When designing a fulfilling later-life career, there’s a good chance that you will be looking to step away from the same-old, same-old job you’ve been doing for the last few years, and actively start searching for something completely new. What if, on paper, that new path looks like a downgrade? You might be comfortable to adjust your salary, hours and stress levels so you can focus on what matters most to you — whether that’s creating, writing, networking, mentoring, or something else.

Myth #4: You can’t teach an old dog new tricks.

Not only is it a misconception to think that people cannot learn new skills in later life, but the opposite is also true. Science says that as we pass middle age, the brain gets better at using prior experiences and knowledge to find solutions to new problems — and it even do this faster than a younger brain.

There’s also the important matter of commitment. If you are re-skilling yourself for a career adjustment in later life, your level of commitment is typically very high and incredibly focused compared to someone who is just figuring things out at the start of their career. You know what you want and will apply your knowledge effectively and efficiently towards achieving those priorities.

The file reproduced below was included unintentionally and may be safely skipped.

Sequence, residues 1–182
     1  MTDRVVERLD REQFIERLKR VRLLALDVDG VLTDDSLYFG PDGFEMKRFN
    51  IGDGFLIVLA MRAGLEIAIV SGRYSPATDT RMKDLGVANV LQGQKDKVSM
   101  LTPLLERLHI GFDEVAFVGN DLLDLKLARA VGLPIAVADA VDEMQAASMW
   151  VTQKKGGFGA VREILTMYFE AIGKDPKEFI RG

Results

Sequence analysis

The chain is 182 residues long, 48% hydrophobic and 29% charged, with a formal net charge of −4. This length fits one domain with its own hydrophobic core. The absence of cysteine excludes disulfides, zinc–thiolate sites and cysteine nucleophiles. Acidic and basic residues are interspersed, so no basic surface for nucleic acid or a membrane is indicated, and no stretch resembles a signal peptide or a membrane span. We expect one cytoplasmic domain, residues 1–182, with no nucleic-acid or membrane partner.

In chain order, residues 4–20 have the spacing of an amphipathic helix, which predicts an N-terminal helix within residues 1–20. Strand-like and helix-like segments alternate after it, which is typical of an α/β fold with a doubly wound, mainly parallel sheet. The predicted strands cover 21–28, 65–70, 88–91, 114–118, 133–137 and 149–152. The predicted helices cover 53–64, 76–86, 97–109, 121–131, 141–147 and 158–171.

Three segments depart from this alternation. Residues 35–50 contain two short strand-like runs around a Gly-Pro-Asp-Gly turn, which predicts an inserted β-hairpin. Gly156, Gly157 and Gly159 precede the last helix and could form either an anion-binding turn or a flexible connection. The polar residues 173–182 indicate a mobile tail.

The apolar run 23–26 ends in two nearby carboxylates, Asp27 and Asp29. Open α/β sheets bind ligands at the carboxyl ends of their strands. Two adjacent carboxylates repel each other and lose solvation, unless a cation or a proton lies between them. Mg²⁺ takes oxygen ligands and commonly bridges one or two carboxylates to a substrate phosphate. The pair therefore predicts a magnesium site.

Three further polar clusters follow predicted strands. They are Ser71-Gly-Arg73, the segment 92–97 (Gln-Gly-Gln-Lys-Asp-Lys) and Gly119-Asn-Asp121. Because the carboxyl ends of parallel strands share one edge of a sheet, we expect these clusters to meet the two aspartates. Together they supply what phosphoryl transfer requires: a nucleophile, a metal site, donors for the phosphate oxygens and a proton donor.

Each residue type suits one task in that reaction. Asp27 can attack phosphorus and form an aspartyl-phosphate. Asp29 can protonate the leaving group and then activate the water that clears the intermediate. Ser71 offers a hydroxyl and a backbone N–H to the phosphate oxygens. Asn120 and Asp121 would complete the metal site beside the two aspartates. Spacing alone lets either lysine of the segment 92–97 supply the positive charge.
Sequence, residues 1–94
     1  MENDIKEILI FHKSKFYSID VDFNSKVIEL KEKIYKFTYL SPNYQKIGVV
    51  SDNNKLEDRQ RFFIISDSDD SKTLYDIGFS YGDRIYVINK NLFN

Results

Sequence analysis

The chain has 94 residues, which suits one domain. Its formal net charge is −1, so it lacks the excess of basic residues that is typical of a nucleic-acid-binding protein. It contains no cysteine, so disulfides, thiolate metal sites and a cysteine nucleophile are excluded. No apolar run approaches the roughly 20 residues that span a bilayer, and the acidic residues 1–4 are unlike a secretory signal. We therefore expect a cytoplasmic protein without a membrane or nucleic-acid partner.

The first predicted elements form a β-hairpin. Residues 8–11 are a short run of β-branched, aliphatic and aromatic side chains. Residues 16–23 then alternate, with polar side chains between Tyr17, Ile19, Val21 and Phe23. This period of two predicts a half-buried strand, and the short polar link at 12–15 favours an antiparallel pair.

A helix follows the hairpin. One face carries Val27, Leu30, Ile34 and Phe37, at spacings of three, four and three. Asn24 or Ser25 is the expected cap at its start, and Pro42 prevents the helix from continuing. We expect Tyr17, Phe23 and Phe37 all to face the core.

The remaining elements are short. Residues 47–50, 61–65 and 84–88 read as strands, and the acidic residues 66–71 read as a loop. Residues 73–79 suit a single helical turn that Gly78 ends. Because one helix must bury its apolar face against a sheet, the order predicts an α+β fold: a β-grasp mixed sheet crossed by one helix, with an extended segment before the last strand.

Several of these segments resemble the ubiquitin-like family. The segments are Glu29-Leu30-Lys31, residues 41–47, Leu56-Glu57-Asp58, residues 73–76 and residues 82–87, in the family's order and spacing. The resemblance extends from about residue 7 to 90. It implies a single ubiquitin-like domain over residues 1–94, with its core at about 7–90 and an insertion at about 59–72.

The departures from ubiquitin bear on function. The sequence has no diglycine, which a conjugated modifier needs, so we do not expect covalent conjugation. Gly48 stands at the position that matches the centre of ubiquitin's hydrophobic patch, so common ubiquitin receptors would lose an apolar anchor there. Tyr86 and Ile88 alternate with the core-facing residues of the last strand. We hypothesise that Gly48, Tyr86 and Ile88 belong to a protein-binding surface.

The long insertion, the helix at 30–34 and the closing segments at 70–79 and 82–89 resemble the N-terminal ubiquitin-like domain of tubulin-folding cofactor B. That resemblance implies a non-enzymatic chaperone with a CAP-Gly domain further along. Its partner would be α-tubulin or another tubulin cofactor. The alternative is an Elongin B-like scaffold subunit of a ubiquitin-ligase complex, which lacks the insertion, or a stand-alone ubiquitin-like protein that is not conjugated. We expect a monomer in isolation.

Myth #5: You won’t be happy in a role with less responsibility.

When someone mentions this myth, I respond by asking three questions:

● Who says that having less on your plate is a bad thing?

● Who says you will not be making as big of a contribution as you did in the past?

● What does responsibility mean anyway?

The popular view is that once you’ve acquired responsibility, you should cling onto it at all costs and add even more status, power and leadership as you grow. But in reality, having lots of things on your plate means your energy must be dispersed — and that can prevent you from focusing on the really stimulating tasks that are more meaningful to you.

My advice? Consider your later-life career an opportunity to step back, take stock, and identify your priorities. You’ve spent the last several decades moving up. Now you have the perfect opportunity to try different things and prioritize the areas where you’re getting the most return for your time and investment.

Myth #6: It’s too late to make a radical career change.

As lifespans now edge toward 100, it’s safe to say you haven’t peaked — and your career hasn’t peaked — until you say it has. If you have a dream and ambition, then there is plenty of time for you to jump on opportunities, make a lateral move, or start again in an industry you have not been in yet.

According to the nonprofit Kauffman Foundation, more than 25% of new entrepreneurs were aged between 55 and 64 in 2019, up from 14.8% in 1996. These numbers prove that reaching mid life is not the end, but the beginning.

Yes, your priorities may be shifting. Maturity tends to give you a broader view of success, as well as a new sense of urgency as you truly understand what you want your legacy to be. The key is to wipe all the myths about later-life careers from your brain and challenge the stereotypes.

So, tell us, what’s holding you back?


Are you sitting at a crossroad? Looking for what’s next? Find out more at Career Extensions the next phase will be your best phase.



Jane Horan

Author. Helping people find meaningful work. I write monthly on inclusion, political savvy and careers and how these interconnect.